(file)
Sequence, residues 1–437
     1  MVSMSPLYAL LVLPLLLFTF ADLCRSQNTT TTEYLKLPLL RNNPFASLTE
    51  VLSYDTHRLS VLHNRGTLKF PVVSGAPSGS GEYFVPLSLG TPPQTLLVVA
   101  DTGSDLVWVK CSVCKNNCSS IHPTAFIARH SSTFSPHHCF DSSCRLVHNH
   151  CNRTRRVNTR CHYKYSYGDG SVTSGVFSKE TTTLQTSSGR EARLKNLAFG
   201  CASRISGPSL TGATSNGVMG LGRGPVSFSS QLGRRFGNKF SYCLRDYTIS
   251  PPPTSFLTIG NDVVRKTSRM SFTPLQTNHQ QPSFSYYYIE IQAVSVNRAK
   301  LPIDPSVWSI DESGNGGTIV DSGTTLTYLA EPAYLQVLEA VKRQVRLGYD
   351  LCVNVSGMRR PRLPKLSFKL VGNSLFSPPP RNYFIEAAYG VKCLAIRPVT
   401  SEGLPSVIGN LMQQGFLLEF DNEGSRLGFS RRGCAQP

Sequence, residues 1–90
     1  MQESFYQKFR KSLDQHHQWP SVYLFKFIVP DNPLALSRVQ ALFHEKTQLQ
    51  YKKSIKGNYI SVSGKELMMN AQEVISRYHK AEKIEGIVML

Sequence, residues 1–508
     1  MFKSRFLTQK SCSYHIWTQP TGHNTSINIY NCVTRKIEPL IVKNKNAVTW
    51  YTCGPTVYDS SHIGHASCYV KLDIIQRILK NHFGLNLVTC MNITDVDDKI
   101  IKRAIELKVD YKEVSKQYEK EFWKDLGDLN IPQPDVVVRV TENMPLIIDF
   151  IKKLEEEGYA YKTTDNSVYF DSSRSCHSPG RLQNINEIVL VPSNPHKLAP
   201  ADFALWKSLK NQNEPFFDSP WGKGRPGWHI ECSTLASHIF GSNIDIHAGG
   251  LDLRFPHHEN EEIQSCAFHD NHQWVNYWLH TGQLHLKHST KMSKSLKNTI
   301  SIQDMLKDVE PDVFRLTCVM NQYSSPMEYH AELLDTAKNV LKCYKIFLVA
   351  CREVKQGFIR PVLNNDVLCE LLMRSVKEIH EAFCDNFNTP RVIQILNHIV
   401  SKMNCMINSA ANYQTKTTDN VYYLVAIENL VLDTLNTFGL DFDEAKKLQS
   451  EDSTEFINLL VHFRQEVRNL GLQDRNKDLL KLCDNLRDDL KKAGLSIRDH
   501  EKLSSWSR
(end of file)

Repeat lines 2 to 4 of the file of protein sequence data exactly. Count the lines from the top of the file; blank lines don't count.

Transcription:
     1  MVSMSPLYAL LVLPLLLFTF ADLCRSQNTT TTEYLKLPLL RNNPFASLTE
    51  VLSYDTHRLS VLHNRGTLKF PVVSGAPSGS GEYFVPLSLG TPPQTLLVVA
   101  DTGSDLVWVK CSVCKNNCSS IHPTAFIARH SSTFSPHHCF DSSCRLVHNH